Last year I attended Cinéfest Sudbury International Film Festival and I watched a riveting dramatic movie titled TheDisappearance of Eleanor Rigby: Them. As annual film festivals are known to do, Cinéfest took place again this year and I went to go see another movie. It looks like I’ve got a new tradition on my hands and that’s fine by me because I’ve enjoyed myself both times. If nothing else, seeing a movie in this kind of environment, where dramatic stories tend to dominate and international films abound, I know to expect something different from your average Hollywood movie. If I’m lucky, I’ll even get to see a movie with an actual story and that’s very refreshing when you’re used to being bombarded by shit blowing up, showy yet poorly crafted special effects, and more guns and ammo than Rambo knows what to do with. I think I got lucky again this year when my wife and I went to go see Brooklyn.
Brooklyn, an Irish-American-Canadian production directed by John Crowley, tells the story of Eilis Lacey (a confident Saoirse Ronan in the leading role), an Irish immigrant during the early 1950s. The movie, based on the novel of the same name by Irish author Colm Tóibín, chronicles Ms. Lacey’s departure to America at the behest of her sister who wishes a better life for her. During her stay in Brooklyn as well as her return to her home country, Eilis establishes a new life for herself and finds romantic attachment. The movie’s climax sees her making a decision between two countries and two men.It’s a pretty conventional story when summarized this way but it’s skilfully told and the cast commits to their parts in a way that helps give the movie an air of genuine drama. This allowed me to sit back comfortably and let the characters passionately come to life. That was the best part of the movie for me, seeing the characters fleshed out over the movie’s running time. Eilis is a loveable and capable young lady and we see her character grow into a woman of beauty and inner strength. Watching her struggle to adapt to her new country and build a new life for herself is sure to strike a chord with many people as we could probably all identify a moment in our lives where everything changed as a new direction was taken. That kind of moment presents itself a few times for Eilis and each time she finds the strength or the help of others to continue in the right direction.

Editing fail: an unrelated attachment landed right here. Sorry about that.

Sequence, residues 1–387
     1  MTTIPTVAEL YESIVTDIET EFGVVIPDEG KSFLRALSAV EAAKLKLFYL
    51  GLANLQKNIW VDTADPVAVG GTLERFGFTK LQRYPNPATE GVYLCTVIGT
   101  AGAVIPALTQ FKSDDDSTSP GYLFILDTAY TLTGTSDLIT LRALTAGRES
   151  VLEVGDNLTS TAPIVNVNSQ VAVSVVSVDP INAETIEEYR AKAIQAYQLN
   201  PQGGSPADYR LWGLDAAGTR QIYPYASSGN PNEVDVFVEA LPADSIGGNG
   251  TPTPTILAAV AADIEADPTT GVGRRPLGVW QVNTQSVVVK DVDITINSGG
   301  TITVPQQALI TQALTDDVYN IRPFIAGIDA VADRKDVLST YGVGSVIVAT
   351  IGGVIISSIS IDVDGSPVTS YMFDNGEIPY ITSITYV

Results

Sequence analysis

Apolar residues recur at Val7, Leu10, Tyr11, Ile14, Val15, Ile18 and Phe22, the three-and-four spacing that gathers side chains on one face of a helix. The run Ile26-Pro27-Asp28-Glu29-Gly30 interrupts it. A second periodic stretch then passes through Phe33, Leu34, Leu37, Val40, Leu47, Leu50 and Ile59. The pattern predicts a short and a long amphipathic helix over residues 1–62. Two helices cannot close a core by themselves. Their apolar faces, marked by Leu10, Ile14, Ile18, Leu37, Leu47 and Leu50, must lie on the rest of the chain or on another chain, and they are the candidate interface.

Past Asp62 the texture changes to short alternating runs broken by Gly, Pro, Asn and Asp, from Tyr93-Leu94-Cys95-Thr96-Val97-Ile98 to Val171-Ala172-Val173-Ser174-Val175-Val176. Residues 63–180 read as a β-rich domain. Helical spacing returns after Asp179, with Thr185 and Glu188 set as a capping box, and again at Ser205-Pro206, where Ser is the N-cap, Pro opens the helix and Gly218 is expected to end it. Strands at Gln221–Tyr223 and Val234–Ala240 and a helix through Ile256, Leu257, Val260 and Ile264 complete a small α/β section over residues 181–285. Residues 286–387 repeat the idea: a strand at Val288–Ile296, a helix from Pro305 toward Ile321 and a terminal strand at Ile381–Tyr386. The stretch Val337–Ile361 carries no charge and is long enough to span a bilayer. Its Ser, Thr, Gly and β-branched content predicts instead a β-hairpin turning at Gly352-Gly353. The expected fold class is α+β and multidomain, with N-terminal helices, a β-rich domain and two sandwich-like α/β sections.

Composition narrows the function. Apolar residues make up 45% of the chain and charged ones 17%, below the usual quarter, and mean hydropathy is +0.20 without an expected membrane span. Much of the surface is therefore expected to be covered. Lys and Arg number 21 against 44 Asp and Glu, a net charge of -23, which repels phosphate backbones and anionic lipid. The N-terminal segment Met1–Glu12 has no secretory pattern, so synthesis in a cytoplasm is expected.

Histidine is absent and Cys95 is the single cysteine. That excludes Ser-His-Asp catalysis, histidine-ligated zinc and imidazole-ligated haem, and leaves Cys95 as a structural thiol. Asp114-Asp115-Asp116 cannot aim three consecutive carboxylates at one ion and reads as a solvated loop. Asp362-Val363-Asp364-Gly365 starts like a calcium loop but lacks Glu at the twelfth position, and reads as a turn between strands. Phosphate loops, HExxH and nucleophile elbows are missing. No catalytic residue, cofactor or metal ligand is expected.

Many other characters are quite delightful too. The eager-to-impress Tony (Emory Cohen), trying his best to woo his new fond love, or Father Flood (Jim Broadbent) being supportive and fatherly when needed best. Domhnall Gleeson portrays a simple man, leading a simple life, offering Eilis with different kind of future back in Ireland. He’s charming but in a way that is so bland, his performance offers Eilis the promise of a comfortable life without any surprises or excitement. The characters back in Brooklyn tend to have more life and energy to them. Every woman sitting at the table during the boarding house dinner scenes were a delight and those scenes stand out with their humour and heart, adding a needed contrasts against the more emotional scenes in other parts of the movie.